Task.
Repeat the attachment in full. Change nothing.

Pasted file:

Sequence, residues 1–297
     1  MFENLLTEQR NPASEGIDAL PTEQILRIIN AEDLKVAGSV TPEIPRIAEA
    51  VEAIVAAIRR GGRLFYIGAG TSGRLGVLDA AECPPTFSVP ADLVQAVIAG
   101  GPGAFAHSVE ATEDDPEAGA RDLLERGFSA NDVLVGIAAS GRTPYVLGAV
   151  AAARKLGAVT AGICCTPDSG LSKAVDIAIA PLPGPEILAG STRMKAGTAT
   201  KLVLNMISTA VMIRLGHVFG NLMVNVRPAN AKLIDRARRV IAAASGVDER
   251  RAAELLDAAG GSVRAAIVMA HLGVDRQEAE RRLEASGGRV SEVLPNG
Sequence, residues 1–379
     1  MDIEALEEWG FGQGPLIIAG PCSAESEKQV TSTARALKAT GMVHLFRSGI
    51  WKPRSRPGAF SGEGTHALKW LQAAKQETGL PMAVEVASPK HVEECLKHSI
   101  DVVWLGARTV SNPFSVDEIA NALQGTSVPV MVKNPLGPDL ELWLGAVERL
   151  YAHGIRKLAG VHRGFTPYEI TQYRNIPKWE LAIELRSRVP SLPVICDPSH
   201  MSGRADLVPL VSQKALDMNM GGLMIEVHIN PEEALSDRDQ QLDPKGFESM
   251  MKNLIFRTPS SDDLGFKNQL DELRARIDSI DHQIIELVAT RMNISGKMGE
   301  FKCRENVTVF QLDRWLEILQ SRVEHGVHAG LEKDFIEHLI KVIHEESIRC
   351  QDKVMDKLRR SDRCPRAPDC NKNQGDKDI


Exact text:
Sequence, residues 1–297
     1  MFENLLTEQR NPASEGIDAL PTEQILRIIN AEDLKVAGSV TPEIPRIAEA
    51  VEAIVAAIRR GGRLFYIGAG TSGRLGVLDA AECPPTFSVP ADLVQAVIAG
   101  GPGAFAHSVE ATEDDPEAGA RDLLERGFSA NDVLVGIAAS GRTPYVLGAV
   151  AAARKLGAVT AGICCTPDSG LSKAVDIAIA PLPGPEILAG STRMKAGTAT
   201  KLVLNMISTA VMIRLGHVFG NLMVNVRPAN AKLIDRARRV IAAASGVDER
   251  RAAELLDAAG GSVRAAIVMA HLGVDRQEAE RRLEASGGRV SEVLPNG
Sequence, residues 1–379
     1  MDIEALEEWG FGQGPLIIAG PCSAESEKQV TSTARALKAT GMVHLFRSGI
    51  WKPRSRPGAF SGEGTHALKW LQAAKQETGL PMAVEVASPK HVEECLKHSI
   101  DVVWLGARTV SNPFSVDEIA NALQGTSVPV MVKNPLGPDL ELWLGAVERL
   151  YAHGIRKLAG VHRGFTPYEI TQYRNIPKWE LAIELRSRVP SLPVICDPSH
   201  MSGRADLVPL VSQKALDMNM GGLMIEVHIN PEEALSDRDQ QLDPKGFESM
   251  MKNLIFRTPS SDDLGFKNQL DELRARIDSI DHQIIELVAT RMNISGKMGE
   301  FKCRENVTVF QLDRWLEILQ SRVEHGVHAG LEKDFIEHLI KVIHEESIRC
   351  QDKVMDKLRR SDRCPRAPDC NKNQGDKDI